I would personally focus only on Reactive maintenance for now as it is enought to have a solid proof of concept. Regarding Token dust griefing attack, I am not sure it is a huge problem to solve for two reasons:
-> issuer of an active token will be ready to pay for the storage as it is is own interest to have an active token
-> Any token holder with access to transfer function can increase storage rent but it means I will send some token out. It can be spam only if it is very very small amount. One way to reduce that the problem is to reduce the number of decimal of the token which seems healthy I think.

This thought, of course, crossed our minds too. What if there is no issuer, i.e. token is unmanned? Don’t want to have a system where each popular contract needs a wealthy donor. And don’t want to require that everything is a DAO.

I think what you describing is the “Alternative point of view” on the page 23 :slight_smile:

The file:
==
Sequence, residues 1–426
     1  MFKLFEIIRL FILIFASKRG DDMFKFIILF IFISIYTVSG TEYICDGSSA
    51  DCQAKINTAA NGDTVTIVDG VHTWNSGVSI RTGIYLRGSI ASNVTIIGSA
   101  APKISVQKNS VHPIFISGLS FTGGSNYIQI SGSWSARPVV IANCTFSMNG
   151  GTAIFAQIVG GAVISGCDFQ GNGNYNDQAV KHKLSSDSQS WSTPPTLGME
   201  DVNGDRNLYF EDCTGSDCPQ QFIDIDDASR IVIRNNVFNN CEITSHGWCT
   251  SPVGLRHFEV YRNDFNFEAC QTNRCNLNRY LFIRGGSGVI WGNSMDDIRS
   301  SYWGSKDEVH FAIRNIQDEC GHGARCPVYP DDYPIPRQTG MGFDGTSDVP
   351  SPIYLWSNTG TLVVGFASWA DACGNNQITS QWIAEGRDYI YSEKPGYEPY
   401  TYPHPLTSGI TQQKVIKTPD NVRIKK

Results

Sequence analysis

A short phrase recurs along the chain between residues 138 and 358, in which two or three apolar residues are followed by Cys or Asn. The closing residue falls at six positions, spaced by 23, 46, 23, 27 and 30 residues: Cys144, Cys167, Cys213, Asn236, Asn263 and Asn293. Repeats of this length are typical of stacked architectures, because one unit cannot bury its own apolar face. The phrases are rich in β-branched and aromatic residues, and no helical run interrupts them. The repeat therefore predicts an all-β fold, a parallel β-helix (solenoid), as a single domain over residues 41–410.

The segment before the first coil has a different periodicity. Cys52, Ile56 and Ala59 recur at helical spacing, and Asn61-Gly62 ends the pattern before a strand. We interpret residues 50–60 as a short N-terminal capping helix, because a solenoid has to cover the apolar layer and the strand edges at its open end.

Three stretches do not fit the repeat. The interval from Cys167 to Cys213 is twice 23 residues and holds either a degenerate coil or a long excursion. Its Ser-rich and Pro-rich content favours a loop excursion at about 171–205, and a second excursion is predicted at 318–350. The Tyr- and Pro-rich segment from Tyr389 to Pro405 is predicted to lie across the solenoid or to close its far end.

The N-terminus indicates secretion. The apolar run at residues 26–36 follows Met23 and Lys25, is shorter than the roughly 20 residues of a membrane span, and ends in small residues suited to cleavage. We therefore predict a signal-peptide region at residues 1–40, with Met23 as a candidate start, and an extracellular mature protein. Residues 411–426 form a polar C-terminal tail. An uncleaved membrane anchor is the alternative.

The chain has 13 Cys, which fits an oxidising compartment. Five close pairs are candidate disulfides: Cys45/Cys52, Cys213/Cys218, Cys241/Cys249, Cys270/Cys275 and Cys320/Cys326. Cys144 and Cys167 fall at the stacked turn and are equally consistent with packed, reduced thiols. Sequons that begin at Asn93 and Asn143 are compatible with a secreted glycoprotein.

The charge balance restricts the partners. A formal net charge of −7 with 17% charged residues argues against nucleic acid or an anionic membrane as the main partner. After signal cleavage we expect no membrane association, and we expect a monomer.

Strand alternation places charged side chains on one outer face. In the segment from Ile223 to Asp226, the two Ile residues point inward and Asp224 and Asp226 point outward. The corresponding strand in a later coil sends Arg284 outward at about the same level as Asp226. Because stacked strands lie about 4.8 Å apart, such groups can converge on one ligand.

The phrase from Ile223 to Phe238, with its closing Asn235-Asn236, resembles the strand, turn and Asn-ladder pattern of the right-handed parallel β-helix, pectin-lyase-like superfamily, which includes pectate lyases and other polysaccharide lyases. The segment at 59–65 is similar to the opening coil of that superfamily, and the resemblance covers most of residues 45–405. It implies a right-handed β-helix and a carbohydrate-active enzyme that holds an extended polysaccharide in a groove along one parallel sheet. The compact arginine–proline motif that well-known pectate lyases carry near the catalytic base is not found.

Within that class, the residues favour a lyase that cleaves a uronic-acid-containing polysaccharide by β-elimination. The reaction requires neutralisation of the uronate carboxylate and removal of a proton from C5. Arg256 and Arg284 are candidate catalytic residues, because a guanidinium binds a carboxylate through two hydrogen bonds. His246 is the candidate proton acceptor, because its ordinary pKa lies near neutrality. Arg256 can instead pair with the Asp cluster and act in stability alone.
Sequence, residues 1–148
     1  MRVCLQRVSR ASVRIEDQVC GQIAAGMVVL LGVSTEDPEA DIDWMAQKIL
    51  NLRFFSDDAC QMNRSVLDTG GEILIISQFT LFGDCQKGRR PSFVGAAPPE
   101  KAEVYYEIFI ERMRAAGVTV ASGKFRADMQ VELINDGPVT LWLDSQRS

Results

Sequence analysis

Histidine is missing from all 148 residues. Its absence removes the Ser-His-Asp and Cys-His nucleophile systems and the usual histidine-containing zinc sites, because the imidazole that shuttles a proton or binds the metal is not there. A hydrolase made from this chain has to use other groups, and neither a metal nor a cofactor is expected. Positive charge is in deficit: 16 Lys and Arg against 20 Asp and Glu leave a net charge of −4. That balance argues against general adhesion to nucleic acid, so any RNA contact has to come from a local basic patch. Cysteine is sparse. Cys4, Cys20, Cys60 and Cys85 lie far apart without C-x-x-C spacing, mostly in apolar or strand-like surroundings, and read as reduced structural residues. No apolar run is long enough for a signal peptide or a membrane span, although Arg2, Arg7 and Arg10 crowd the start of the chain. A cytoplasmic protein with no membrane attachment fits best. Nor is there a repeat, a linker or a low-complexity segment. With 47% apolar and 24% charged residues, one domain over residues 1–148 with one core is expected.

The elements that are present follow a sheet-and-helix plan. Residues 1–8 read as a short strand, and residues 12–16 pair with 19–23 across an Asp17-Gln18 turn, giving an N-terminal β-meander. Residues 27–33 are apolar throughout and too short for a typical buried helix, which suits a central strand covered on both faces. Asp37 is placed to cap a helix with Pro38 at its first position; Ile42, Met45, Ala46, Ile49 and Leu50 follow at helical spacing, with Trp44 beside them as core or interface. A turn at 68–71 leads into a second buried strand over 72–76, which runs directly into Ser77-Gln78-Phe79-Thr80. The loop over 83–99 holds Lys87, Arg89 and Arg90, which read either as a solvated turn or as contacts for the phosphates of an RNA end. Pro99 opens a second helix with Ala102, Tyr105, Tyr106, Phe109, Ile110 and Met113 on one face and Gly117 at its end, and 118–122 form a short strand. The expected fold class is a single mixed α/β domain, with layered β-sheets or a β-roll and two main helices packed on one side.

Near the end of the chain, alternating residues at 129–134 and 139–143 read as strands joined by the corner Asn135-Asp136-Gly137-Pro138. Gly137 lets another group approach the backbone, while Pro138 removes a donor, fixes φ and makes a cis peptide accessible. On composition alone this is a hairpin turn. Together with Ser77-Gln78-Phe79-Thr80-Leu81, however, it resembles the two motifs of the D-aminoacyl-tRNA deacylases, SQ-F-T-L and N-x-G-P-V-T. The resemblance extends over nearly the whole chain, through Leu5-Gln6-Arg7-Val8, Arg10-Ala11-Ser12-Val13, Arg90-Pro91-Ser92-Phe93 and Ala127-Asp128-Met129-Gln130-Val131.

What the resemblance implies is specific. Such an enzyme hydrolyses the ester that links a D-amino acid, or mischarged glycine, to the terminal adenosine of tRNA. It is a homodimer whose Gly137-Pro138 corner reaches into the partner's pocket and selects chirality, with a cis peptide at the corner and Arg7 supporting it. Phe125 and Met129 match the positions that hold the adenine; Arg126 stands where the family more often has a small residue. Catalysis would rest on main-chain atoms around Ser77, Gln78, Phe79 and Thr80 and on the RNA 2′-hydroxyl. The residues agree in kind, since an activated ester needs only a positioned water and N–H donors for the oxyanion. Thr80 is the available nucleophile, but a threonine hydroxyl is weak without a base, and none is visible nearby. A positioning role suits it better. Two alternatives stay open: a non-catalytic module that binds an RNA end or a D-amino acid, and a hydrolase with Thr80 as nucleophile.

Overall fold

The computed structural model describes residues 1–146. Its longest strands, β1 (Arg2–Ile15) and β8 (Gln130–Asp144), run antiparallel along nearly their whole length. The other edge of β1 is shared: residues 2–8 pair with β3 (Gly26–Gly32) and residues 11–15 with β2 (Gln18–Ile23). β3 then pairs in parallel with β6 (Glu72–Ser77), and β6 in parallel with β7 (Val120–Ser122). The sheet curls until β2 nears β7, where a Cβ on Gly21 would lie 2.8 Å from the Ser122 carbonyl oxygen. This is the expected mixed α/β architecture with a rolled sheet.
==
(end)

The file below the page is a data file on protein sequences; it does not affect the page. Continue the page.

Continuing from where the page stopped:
I agree with you! We just need to go step by step :slight_smile:

Well, the document I have attached has 6 steps :slight_smile:

I want to understand the main position better in relation to contract storage:

  • If currently existing contracts are NOT upgradeable, they will loose their storage and need to be redeployed (potentially at the same address). From this point on they can use either active or reactive maintenance approach.
  • If currently existing contracts are upgradeable, they will be able to transition into maintenance without the extra step of redeployment.

In either case their code needs to change.

If so, here comes a proposal in relation with this statement:

If the notion of rent is introduced without a “safe place” to migrate to, the only recourse of current contracts would be to use reactive maintenance approach, in the form of stateless contracts, which might too big of a leap in terms of usability.

If contracts need be updated with new code, do they really need a “safe place”? They could be rewritten into state-minimized versions with slightly modified interfaces. Very simple steps could go a long way:

  • increase storage op-code cost a lot.
  • create op-code that manages account storage root directly at old sstore/sload price.
  • provide a precompile that allows to cheaply verify patricia merkle proofs in solidity.
  • extend the ERC20/721 interfaces with a param to pass proofs.

this would give you:

  • reduced problem space to managing rent on account-level only.
  • contracts are incentivized to be written so that they manage the storage root themselves with off-chain data.
  • You have a fallback for all the lazy guys (old sstore/sload) that comes at cost.